Mapped: London’s Moving Football Clubs

Click on map for full version

The decision on whether Spurs or West Ham will move into the Olympic stadium may have been delayed for now, but whichever way the Olympic Park Legacy Committee rules, it remains likely that one of London’s historic clubs will be moving to Stratford in the next few years.

They won’t be the first to up sticks for a bigger and better home. London’s clubs are a nomadic bunch, as illustrated in our map, which shows every location that the capital’s 14 professional sides have called home. During the fledgling days of the Football League, clubs shifted and shunted themselves around more often than a gap-year backpacker. Many stayed in their immediate locale, often forced out by circumstance, while others made more dramatic moves: Arsenal dropped the ‘Woolwich’ from their name when they made the aspirational move from southeast London to Highbury in 1913. In contrast, during the 1980s and early 1990s, Charlton fans were forced to drag themselves to stadia far from their traditional manor.

A few interesting stats we turfed out during the research:

– Most nomadic club: QPR, who have amassed over 20 home grounds in their history (only some of them are represented on the map).

– Most sedentary club: Chelsea, who have remained at Stamford Bridge since they were founded in 1905. Dagenham & Redbridge have also had just one home, although the club was founded in 1992.

– Cross-river clubs: At some time in their history, Arsenal, Millwall, Fulham, and Charlton have based themselves on the other side of the Thames from which they were founded.

– Furthest travelled club: By our reckoning Charlton have travelled over 30 miles around east and south-east London. However, the biggest single journey was made by Arsenal.

– Everybody needs good neighbours: Crystal Palace have twice shared their Selhurst Park ground, with Charlton (1985 – 1991) and Wimbledon (1991 – 2002).

A quick note about the methodology: we’ve included London’s current fourteen professional teams (the thirteen Premier and Football League clubs plus AFC Wimbledon of the Conference) and also Wimbledon, who were moved out of London and renamed MK Dons in 2002. For each club we’ve traced the history, where possible, as far back as the amateur foundations. Though striving for accuracy, some of the locations represented are approximations; let us know if you think we’ve got anything wrong.

Here’s a gallery showing some of London’s old stadia:

See also:

The London buildings that can’t keep still… mapped

A map of London’s football supporters

Which London football teams are top of the Twitter league?

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  • stonemuse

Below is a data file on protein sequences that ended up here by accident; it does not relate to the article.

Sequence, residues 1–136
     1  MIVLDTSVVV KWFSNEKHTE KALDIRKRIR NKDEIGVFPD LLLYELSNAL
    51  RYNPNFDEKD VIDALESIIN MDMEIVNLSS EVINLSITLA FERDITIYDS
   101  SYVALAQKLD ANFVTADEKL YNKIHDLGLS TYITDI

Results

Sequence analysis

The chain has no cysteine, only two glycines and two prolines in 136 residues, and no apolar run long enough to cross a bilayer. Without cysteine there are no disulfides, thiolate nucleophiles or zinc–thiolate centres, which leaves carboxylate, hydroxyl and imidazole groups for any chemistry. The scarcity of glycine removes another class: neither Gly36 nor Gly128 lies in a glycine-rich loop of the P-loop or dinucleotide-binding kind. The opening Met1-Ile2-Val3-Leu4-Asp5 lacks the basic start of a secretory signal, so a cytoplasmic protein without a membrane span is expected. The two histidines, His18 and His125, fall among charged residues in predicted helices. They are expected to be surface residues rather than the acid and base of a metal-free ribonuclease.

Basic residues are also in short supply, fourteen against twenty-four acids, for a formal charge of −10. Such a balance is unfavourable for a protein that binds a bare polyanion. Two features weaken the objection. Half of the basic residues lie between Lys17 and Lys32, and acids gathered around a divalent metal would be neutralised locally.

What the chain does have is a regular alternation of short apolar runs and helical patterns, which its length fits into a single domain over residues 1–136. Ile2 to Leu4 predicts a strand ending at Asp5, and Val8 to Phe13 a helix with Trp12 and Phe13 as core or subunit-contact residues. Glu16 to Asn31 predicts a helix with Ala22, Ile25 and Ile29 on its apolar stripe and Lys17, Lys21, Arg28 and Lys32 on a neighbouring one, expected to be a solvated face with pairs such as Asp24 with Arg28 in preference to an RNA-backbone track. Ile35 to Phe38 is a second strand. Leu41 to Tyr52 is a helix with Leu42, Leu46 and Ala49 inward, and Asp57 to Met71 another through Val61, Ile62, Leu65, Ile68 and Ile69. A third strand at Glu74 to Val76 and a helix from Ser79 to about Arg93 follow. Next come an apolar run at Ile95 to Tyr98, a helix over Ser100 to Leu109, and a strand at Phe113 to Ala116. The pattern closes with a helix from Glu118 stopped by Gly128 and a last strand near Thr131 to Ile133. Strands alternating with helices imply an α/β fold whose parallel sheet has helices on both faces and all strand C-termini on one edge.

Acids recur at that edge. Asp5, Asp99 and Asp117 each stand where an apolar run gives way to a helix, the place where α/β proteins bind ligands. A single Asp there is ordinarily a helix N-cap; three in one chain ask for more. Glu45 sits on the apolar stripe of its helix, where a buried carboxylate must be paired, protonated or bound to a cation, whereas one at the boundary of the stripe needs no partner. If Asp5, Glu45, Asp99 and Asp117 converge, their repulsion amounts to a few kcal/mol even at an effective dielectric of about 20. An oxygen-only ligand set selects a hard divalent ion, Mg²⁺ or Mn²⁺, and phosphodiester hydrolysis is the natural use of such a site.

Charlton have not been on both sides of the Thames … only South.

    • Dean Nicholas

      Charlton spent a year at Upton Park in the 1991 / 1992 season.

  • DebraOrton

    Re Arsenal. They’re my local team and the area I live in so as an artist I decided to paint some of the local sights and sounds that go towards that make up a typical match day here in Highbury. In fact I’m running a competition at the moment to enter a free draw to win one of my limited edition Arsenal prints. More details here: Thanks.

  • Egle



    Ok to re-post this on our site

  • Venyanamore

    Dagenham and Redbridge, as such, may only have had one ground…but they were an amalgam of Dagenham Utd and Redbridge Forest, the latter of which was formed through a series of mergers combining at least four other teams (Leytonstone, Ilford – which themselves merged to become Leytonstone-Ilford, and Walthamstow Avenue)…so there is a bit of history and nomadism linked in there, too… Dagenham though were at Victoria Rd for donkeys’ years before the merger in ’92

    • Dean Nicholas

      Yeah, fair point, and (if I’m honest) I took the easy option here and counted the club only as far back as the 1992 merger (and as you mention, Dagenham FC have been based there for decades).

    • Dean Nicholas

      Yeah, fair point, and (if I’m honest) I took the easy option here and counted the club only as far back as the 1992 merger (and as you mention, Dagenham FC have been based there for decades).

    • Lewis Cooper

      Were all those teams professional however?

      • Venyanamore

        Dagenham and Walthamstow Avenue sometimes, I think; the others, I think not. But to be honest I’m not certain.

  • Guest

    Why does the marker not point to where the Olympic site will be? Then you’ll be able to see the proximity of Leyton Orient, which you can see in ariel view on BBC’s news item

    • Dean Nicholas

      Good suggestion — I’ll add it to the map.

  • Roy Mootoosamy

    what about watford?

    • Dean Nicholas

      Watford aren’t a London club — they’re based in Hertfordshire. For the map we’ve considered only clubs that are based within a London borough.

  • Harjot singh

    good suggestion.